In the past few days we’ve uploaded the last batch of Annual Reports to our website. We don’t have every one – for example, we only have those for Pumpherston Oil Company from 1913 – but what we do have is now available for you to view online.
So what do they tell us? Well, they provide a range of information.
The company directors
The company assets and liabilities
Where the company money is invested
The dividends paid to shareholders
Looking at each Annual Report, it may seem a little dry; facts and figures relating to the previous year’s business. But those facts and figures can be turned into data that is much more accessible. Take the company dividends for example. A line chart can quickly show the ups and downs of the company, via the dividends given to shareholders (if the dividends are high then the company is making a profit). What immediately jumps out is the ‘down’ period during the 1930s, both preceded and followed by a period of sustained success.
We can then go off on a tangent and ask who were these people being given dividends? Well, they weren’t the men working in the mines and oil works. They tended to be company directors, and people with money, often living many hundreds of miles away from the shale company operations. In fact, many probably never entered a shale works in their lives.
The office staff, such as those pictured here outside Middleton Hall, would have collated information from a number of disparate sources to create a single, simple document.
We often look back at the international oil companies and see them as uncaring behemoths whose sole priority was profit, and should the shale miners and their families get in the way of this goal then they would just have to accept the consequences.
And in many ways this view is correct. Workers were killed and injured down the mines and in the oil works in huge numbers, as can be seen on our accidents page. Those working with paraffin wax often fell victim to cancerous growths, as can be seen in this blog post.
But this is not a wholly accurate picture. In many ways the shale companies were quite philanthropic, paying out sums of money, both small and large, to improve the lives of their employees.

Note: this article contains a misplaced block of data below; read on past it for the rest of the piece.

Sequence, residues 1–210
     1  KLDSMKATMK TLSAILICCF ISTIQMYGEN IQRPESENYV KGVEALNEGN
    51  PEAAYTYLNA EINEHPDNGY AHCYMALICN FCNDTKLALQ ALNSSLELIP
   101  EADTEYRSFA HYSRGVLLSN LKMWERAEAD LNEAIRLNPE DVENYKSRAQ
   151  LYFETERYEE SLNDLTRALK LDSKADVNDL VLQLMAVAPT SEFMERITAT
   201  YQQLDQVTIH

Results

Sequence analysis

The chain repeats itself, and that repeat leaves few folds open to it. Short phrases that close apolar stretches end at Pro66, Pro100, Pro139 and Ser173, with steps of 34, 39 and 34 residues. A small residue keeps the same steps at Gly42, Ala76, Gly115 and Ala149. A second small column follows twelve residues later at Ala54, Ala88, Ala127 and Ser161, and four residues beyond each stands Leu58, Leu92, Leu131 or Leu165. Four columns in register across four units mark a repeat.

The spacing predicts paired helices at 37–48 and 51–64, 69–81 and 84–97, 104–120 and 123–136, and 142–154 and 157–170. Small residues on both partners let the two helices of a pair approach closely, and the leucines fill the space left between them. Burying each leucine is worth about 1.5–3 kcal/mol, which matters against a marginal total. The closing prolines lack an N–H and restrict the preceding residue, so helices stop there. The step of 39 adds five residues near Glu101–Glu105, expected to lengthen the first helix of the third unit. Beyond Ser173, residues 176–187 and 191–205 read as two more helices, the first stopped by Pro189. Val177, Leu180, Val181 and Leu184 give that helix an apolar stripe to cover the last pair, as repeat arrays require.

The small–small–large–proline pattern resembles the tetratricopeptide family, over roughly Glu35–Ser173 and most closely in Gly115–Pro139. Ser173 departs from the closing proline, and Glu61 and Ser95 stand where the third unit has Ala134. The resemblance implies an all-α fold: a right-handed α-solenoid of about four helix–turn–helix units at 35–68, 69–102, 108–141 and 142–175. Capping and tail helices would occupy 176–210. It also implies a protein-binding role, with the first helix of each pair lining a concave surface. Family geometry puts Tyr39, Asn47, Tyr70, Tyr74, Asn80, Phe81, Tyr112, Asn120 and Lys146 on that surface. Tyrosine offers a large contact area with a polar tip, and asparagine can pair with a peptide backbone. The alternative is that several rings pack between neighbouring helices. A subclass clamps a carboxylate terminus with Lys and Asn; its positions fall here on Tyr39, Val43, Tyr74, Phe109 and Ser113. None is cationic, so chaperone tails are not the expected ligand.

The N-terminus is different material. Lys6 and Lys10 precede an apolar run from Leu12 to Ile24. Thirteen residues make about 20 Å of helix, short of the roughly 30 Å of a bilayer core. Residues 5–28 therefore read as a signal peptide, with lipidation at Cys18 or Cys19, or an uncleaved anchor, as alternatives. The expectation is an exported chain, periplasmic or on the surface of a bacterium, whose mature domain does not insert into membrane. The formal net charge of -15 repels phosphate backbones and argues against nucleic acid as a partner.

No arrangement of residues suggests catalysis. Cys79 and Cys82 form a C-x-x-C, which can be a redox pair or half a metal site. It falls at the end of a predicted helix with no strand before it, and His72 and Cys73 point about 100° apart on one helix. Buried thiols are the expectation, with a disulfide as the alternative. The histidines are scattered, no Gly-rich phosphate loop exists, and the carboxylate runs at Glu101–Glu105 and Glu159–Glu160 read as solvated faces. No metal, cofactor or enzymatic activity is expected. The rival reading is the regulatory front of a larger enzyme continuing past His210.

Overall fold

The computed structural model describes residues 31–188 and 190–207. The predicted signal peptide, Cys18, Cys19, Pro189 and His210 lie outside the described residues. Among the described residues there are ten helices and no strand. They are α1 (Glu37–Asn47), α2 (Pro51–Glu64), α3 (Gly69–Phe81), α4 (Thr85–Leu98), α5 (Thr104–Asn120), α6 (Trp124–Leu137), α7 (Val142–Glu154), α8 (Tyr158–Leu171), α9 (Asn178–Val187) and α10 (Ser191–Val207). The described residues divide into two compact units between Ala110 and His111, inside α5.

The Shale Museum holds many folders of letters sent out by the shale companies, some over 1,000 pages long. These mainly detail the mundane daily happenings within the companies, such as requesting rents, paying for damaged land, and the sale of property. But occasionally they throw up other interesting snippets, including highlighting company philanthropy.
Looking at 1942 and 1943 throws up many examples. Gala Day Committees would apply for funds, usually around £2, and were often successful. Pumpherston Oil Company (POC) funded the Seafield and Breich Gala Days, Oakbank Oil Company (OOC) the East Calder and District Gala Day, and the Broxburn Oil Company (BOC) the Broxburn Gala Day. Small payments to public bands were also commonplace, two payments of 5 guineas being made by the BOC to the Broxburn Public Band in 1942.
Schools were also beneficiaries. For many years up to 1942 the OOC presented watches to the boy and girl dux of the Oakbank Public School. In 1942 this practice was ended, but that year the two winners were given copies of Shakespeare’s Works.
All manner of other local organisations would apply for funding, from Sabbath Schools to Garden and Allotment Associations.
But the biggest payouts were reserved for the District Nursing Associations. In 1943 the POC paid £50 to the Livingston and District Nursing Association. Each December the Broxburn and District Nursing Association would receive £50 to hire two nurses, whilst the OOC would pay £25 each to the Mid Calder & Kirknewton Nursing Association, and the Winchburgh, Niddry & District Nursing Association.